Housing sales have bounced in the last couple of months, but there's uncertainty about what the bounce actually means. Sales of houses were up nearly 10% in April compared to April of last year.
The crazy thing? Right now, even with insanely low interest rates, the bump is being mostly caused by a jump in cash purchases, according to Fortune:
"What's noteworthy is that almost all of April's 4.62 million sales were driven by cash buyers and investors looking to turn properties into rentals, which suggests the recovery can continue even if mortgage lending remains tight, according to Capital Economics."
The problem is that the government can't magically make housing prices go up in the middle of a bear market -- they can only slow down how fast the prices fall, dragging the impacts of the market out while creating malinvestment bubbles and costing other parts of the economy an incredible amount of wealth.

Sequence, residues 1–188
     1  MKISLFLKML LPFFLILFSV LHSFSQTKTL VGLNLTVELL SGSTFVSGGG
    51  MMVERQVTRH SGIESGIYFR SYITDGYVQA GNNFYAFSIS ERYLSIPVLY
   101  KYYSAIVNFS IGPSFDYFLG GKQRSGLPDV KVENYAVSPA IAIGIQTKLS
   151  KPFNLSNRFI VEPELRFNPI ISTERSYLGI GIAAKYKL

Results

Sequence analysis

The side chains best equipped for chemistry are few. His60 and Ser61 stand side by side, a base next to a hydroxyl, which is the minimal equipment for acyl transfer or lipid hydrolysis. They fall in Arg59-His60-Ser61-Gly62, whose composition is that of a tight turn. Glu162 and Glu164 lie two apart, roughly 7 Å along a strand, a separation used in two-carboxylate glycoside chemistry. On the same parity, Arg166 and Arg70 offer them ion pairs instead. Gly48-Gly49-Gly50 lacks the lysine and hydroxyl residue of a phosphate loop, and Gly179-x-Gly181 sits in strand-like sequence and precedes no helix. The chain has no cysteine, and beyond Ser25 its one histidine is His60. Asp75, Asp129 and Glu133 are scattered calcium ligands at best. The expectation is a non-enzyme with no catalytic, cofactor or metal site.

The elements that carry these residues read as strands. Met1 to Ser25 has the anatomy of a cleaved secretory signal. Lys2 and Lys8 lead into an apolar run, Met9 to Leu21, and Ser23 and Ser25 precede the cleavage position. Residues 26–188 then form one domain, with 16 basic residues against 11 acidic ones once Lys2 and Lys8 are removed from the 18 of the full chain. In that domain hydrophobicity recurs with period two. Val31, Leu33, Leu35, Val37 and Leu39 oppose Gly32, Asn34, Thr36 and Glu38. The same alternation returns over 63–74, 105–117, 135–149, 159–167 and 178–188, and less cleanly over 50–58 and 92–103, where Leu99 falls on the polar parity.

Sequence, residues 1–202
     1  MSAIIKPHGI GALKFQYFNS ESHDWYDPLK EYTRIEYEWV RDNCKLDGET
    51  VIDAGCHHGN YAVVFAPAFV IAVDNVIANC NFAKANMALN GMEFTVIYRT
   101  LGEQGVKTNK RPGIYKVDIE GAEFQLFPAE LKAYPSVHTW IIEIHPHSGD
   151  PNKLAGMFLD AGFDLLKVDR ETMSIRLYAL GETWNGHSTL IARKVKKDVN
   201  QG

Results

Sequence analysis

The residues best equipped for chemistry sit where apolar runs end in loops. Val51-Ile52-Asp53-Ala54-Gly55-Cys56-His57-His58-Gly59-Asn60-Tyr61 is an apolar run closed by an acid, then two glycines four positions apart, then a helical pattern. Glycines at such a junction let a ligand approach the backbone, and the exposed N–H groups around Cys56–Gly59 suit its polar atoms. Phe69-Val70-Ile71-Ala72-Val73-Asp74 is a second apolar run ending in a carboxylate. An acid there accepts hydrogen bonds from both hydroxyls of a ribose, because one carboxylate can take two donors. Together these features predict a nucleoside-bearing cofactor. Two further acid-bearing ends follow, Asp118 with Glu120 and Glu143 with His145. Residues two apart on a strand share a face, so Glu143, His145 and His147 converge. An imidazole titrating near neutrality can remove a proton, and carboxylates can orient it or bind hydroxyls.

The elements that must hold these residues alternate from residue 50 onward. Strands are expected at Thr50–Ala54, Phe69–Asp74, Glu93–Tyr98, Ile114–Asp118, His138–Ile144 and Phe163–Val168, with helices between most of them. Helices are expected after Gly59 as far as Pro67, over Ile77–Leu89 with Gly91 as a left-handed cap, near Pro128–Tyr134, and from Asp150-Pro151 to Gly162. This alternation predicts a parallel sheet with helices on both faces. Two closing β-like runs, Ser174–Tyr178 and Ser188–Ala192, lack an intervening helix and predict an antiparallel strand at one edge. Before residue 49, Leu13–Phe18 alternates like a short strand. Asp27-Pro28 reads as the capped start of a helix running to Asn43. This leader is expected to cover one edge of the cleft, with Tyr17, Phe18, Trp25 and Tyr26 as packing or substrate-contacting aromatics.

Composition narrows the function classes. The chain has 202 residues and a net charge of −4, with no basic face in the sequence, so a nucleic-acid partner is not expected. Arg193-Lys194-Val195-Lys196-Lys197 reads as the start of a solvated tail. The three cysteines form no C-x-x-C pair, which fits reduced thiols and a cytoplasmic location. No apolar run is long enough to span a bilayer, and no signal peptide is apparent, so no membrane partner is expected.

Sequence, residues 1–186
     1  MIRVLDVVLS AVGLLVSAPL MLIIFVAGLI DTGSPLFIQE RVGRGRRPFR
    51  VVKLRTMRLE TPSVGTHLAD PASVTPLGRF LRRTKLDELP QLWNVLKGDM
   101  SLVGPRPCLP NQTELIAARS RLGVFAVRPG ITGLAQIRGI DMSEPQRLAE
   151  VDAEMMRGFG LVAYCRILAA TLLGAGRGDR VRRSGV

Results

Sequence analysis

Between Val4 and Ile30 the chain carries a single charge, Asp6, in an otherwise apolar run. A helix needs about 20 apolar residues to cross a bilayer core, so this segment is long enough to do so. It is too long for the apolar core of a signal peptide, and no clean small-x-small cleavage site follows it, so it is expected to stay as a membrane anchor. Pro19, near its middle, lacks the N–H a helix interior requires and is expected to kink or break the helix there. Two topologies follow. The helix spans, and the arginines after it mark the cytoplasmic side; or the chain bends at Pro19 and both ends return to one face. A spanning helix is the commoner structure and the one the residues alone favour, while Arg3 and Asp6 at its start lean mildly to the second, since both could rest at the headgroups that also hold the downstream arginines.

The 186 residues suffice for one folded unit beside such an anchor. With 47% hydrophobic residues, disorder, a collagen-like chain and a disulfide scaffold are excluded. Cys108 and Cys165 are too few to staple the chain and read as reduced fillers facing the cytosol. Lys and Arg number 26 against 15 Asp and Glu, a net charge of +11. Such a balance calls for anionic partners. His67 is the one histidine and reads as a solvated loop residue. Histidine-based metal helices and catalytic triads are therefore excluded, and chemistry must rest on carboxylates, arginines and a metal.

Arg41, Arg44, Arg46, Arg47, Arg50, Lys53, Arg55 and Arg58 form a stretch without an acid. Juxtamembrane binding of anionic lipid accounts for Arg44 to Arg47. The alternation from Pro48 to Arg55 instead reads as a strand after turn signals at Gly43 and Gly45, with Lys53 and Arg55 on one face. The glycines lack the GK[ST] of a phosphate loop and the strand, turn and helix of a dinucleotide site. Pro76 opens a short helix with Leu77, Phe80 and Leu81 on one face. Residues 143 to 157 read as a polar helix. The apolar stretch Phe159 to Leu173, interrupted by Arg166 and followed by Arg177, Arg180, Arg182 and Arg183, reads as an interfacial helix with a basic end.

Partly related, we're also experiencing a heavy liquidity trap, where negative expectations are fueling the likelihood of a negative future, an almost textbook example of reflexivity in the real estate market.
That's not all -- housing prices are also seeing an impact from more foreclosures than last year, as I wrote about last month.
Add this to the fact that plenty of people just graduating college aren't able to find jobs, much less make a mortgage down payment, and you have a recipe that leads to, well, our current housing situation.
What this means is that unless one of the above things changes, then things will likely just stay the same or only increase very, very gradually. We'll know more about the next 10-15 years for housing after another year -- we'll be able to see if we're in the middle of any sort of recovery, or if the fundamentals are actually getting worse.
I've been looking at housing deals myself over the last few months, but have decided to wait -- at least for now. There's more money to be made playing it safe than there is to be played jumping into a market too early.